Written in the first person, without unnecessary flamboyancy, Khaled has written a book that would remain with the reader for a long period of time. This is a story that teaches a lot and opens eyes. I highly recommend it to anyone who wants to see more than the current Afghanistan we know and want to know how the Afghanistan we now know came to be. I look forward to reading his A Thousand Splendid Suns.

17 comments:

  1. I have this & a thousand splendid suns on my bookshelves, to be read,so this is a timely post, thanks. Also thanks for help with the poetry links.

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  2. I thought it was a very powerful and moving book when I read it as well. Glad to see you also liked it.

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  3. This was a very striking book, and I remember being on the edge of my seat when I read it. I am so glad that it also stuck you so deeply. I think it may be time for a reread sometime soon.

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  4. Zibilee I guess this book would make any person feel emotional. It's undulating and the moment you feel like the problem is solved another comes up.

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  5. I've heard a lot about this book but I'm yet to read it. Nor have I read fiction set in Afghanistan. Might be time to change that. Thanks.

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  6. You'd love this book Kinna. It is written in a very raw state. The most interesting part is the thoughts of Amir about Hassan. It's so real that you might think the author is somewhere in the pages.

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  7. What a nice of recommending a book to me? Have also heard a lot about this but not given it enough attention.

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  8. thanks Geosi. A good book is easy to promote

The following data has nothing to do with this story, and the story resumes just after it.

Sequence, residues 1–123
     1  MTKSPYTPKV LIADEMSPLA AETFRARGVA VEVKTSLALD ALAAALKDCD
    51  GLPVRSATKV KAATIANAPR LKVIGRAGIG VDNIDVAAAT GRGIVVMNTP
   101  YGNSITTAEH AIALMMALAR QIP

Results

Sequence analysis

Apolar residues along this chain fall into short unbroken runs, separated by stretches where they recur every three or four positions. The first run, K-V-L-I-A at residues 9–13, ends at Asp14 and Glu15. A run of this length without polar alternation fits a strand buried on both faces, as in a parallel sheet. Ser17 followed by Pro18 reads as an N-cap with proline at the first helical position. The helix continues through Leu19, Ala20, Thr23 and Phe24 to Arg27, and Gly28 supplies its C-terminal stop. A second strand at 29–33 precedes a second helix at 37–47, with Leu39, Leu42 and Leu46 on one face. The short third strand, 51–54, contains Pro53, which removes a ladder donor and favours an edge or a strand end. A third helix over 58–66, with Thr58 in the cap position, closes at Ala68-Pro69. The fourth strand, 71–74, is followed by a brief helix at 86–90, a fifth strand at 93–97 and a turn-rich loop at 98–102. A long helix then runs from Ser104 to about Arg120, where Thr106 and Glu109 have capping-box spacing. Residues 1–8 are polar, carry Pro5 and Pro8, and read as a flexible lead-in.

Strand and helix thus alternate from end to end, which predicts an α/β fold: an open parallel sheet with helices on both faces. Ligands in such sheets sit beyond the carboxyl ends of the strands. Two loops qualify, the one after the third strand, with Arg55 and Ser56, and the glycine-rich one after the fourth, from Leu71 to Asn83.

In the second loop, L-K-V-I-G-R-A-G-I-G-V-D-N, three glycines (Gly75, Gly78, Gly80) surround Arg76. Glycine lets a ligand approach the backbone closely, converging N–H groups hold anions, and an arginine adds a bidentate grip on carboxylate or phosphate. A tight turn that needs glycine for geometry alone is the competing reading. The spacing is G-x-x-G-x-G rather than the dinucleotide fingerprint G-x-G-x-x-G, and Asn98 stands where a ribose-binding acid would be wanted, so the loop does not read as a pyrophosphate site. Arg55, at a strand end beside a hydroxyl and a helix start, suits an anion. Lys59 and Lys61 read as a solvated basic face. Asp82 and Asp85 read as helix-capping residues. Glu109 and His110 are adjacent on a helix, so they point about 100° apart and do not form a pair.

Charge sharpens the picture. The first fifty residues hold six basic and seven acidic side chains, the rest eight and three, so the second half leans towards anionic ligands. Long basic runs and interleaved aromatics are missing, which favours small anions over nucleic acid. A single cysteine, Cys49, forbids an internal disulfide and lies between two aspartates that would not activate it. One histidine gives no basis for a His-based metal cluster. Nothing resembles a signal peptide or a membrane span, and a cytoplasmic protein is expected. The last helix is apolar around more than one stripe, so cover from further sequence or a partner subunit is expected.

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  9. Ah! I love the raw and unadorned narrative in this book! I also liked a thousand splendid suns... Thanks for sharing!

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  10. Thanks for the review. I would love to read this book. Any idea where I can get a copy? I've never read any fiction on Afganistan and I am sure this will be a good place to start to let me know the people and their history

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  11. @Celestine... I don't know where you are. If you are in Ghana you can check the Silverbirds lifestyle shop. Though I've not seen one there yet they once in a while are able to get some of these books. Mine was sent to me by a blogger friend, Amy.

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  12. I read this book when it first came out and found myself quite moved by it. Hassan's experience on that fateful day just broke me. I found Amir to be weak & undeserving of his good fortune many times along the way. Informative look into life in Afghanistan; very engaging!

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  13. @MissBwalya: I agree. Amir deserves not the goodness that came his way. Perhaps things might have been different had his father told him the truth but then you need not to be good only to blood relations especially when the other has done all good there is to do for you. I listened to the author's allegorical interpretation on Hassan's fate on youtube. The symbolic relationship is just as bad.

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  14. Hosseini writes well, almost breezily despite such heavy subject matter. I enjoyed the book, and I'm sure many others will as well. One caveat: I liked it without loving. This is the kind of book that might be spoiled for some by overhype.